Since veterinarians operate private practices, it’s hard to create incentives or subsidize a practice with funding to keep vets in B.C. small towns such as Golden, as there is no public funding available to subsidize their services.
When Zehnder first opened his practice in Invermere, he calculated that a practice would need a population of between 7,000-10,000 to draw from in order to make it economically viable.
Golden’s estimated population sits at just around 4,000, with Area A adding in about 3,000 as well.
Even if a vet clinic were to open in Golden, Zehnder said it would be difficult to encourage a veterinarian to come to the town, as it would mean just one vet servicing the entire area.
“If we had one veterinarian in Golden, it would be expected that they are on-call 24/7, which is just not a reality,” he said.
“People don’t want to live that very difficult lifestyle.”
Miri for change
As for Scales, she wants her tragedy to be a catalyst for change.
Scales said the fact a veterinarian used to operate a practice in Golden shows it can be viable.
“People are interested in getting some fundraising to bring a vet to Golden. If you walk around town, there’s someone walking a dog on every street,” said Scales.
“It’s not just good for dogs, but every animal deserves a chance at survival without having to suffer in a vehicle for 45 minutes to get to the closest vet.”
According to Town of Golden records, so far in 2020 there are about 248 dogs that are licensed, up from 210 in 2019.
This doesn’t include unlicensed dogs or other pets that may also require veterinarian services.
Scales isn’t alone in her experience.
Over the years, a few reports have surfaced of people’s pets dying after being unable to make it to the vet in time.
For Scales, the loss hits even closer to home, as something similar happened to her boyfriend’s dog four years ago.
“These are our family members and I felt so hopeless and alone. I couldn’t get a hold of anybody and I didn’t even know if I was doing CPR right or if that’s what I should be doing.”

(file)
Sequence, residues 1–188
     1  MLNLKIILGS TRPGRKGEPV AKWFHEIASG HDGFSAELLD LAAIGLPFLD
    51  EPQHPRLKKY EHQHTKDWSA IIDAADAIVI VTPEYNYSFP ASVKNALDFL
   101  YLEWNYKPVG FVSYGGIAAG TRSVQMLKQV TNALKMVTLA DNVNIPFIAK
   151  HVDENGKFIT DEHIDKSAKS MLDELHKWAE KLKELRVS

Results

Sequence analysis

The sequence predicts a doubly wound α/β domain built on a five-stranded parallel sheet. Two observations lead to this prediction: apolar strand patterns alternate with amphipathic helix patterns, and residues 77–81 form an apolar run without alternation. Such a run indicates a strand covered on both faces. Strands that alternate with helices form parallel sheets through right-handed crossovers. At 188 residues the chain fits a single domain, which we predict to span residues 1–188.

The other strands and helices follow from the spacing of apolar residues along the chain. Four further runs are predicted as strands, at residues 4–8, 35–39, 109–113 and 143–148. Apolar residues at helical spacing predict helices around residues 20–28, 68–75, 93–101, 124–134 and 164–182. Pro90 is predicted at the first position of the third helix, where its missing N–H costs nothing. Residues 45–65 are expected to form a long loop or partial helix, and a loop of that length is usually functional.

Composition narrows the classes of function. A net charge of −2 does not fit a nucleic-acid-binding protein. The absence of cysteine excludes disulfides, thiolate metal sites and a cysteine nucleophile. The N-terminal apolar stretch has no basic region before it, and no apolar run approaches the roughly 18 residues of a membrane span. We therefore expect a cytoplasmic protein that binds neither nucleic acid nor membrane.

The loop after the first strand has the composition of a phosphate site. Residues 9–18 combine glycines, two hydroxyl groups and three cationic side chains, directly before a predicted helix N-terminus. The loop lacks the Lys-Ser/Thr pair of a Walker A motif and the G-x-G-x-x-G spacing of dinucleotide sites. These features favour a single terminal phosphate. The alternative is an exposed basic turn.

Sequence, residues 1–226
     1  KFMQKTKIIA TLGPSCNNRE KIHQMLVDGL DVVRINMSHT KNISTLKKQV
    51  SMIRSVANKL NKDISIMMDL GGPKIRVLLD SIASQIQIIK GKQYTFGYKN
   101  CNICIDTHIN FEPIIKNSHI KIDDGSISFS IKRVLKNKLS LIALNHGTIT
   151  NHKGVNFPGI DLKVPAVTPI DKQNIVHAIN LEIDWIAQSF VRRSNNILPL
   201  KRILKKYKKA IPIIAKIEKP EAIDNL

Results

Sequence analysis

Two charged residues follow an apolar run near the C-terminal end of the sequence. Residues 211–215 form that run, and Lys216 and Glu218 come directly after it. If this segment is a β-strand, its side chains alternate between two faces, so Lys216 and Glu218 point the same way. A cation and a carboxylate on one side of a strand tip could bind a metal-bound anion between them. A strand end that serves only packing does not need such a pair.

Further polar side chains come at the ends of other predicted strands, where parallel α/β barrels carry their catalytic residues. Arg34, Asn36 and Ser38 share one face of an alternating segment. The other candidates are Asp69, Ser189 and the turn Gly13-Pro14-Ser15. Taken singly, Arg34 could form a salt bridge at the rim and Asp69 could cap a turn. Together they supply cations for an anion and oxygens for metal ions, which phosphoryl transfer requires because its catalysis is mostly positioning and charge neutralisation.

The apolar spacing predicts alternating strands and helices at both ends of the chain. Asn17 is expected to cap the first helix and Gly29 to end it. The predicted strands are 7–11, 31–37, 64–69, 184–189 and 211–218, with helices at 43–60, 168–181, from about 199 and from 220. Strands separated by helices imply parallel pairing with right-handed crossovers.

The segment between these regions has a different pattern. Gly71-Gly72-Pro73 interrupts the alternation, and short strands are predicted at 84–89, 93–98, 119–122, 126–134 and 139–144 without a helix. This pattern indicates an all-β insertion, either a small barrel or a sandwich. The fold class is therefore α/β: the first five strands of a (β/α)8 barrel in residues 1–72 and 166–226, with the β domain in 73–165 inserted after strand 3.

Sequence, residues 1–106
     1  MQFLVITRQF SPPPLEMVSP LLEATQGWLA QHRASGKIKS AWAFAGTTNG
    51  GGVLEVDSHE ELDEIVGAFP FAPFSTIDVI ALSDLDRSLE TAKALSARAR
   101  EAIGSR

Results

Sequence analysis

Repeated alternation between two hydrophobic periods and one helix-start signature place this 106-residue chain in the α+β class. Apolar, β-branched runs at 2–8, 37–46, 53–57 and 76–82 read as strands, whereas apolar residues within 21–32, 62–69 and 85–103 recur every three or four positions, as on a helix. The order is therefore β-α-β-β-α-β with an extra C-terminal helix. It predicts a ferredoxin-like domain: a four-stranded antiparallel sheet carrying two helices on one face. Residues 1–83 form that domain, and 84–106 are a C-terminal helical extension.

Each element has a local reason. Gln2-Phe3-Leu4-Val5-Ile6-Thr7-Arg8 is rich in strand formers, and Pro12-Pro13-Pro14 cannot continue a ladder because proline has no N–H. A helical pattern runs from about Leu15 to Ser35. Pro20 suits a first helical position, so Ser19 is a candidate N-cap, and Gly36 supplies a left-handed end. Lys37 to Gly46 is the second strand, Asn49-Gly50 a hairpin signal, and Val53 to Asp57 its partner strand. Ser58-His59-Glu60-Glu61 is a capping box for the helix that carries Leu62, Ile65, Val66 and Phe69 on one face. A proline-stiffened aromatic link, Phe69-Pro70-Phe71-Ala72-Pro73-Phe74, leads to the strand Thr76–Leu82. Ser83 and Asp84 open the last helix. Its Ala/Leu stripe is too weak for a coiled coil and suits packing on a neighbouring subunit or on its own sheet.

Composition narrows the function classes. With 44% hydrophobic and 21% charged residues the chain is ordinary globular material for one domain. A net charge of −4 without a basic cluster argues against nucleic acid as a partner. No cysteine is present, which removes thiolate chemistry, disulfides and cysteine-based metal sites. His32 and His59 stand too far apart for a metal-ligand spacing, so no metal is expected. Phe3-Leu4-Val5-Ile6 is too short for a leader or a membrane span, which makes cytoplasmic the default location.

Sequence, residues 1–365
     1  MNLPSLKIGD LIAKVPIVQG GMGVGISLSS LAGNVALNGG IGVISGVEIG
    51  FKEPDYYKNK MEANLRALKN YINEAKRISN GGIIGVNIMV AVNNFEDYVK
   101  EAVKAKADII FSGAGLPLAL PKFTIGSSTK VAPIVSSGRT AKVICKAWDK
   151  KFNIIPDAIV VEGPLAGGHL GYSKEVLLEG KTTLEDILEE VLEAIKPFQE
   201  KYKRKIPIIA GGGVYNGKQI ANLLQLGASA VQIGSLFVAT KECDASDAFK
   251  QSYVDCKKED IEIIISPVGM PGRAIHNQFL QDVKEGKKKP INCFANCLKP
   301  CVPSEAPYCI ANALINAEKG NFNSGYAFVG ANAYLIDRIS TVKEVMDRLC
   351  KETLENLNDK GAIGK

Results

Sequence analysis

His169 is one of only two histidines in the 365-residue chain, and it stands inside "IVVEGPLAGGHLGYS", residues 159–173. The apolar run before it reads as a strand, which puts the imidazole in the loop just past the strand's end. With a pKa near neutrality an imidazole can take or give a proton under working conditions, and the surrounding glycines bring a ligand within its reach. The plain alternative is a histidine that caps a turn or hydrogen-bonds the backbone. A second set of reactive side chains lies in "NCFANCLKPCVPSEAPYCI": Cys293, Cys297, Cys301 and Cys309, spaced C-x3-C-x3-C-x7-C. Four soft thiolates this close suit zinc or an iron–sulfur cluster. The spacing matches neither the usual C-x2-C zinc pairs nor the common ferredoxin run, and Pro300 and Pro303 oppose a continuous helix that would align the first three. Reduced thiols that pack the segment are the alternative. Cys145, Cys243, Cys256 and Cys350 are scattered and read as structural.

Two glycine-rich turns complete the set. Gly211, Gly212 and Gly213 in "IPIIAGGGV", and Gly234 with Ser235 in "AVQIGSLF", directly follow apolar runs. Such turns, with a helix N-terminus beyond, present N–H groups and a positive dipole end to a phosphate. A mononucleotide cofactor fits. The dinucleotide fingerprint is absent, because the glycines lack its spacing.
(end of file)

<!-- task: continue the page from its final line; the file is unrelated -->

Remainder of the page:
Scales said she wants to see the Invermere Veterinary Hospital revamp their emergency line, claiming when she called, it just rang with no voicemail.
When she called other places, she was given information and resources, but wasn’t even able to leave a name and number with Invermere.
Zehdner responded there is usually a message that plays so there must have been technical difficulties that caused the communication shortfall, adding the emergency number has been active and in use the weeks prior to and following Miri’s death.
He estimates receiving about three to four calls on the emergency line a week from Golden and he usually can see them the next day, or even immediately if it’s life-threatening.
He said it’s not very often a pet doesn’t make it to him in time.
The drive to Invermere is over an hour long and with winter on its way, travelling safely can be an issue, which is why the Golden office hours are so important.
Driving home from Calgary with Miri’s cremated remains, Scales still doesn’t have closure.
She still doesn’t know what caused Miri’s sudden death and with a second eight-year-old husky at home, she doesn’t want to go through this again.
While she knew she would one day have to face the loss of her beloved dogs, she didn’t think it would be so soon.
“They play such a huge emotional support role for me and this experience left me feeling so alone and I don’t want this to happen to anybody else,” said Scales.
“I haven’t had a dog since I was young, because I didn’t want to deal with that loss. It’s really taking me down.”
She’s started a Facebook group, Golden Fund-a-Vet, which is looking to bring together people who are willing to help bring a veterinarian to Golden.
Scales is hoping to involve Little Mittens and the Golden Sled Dogs, who she believes would also benefit from this service.
While her efforts won’t change how she feels about what happened to her, she hopes her nightmare can help be the change that Golden needs to keep pets safe. “I’m hoping we can get a vet clinic going and save some animals because they’re totally worth it, they deserve that,” said Scales.
“Miri is going to be the last.”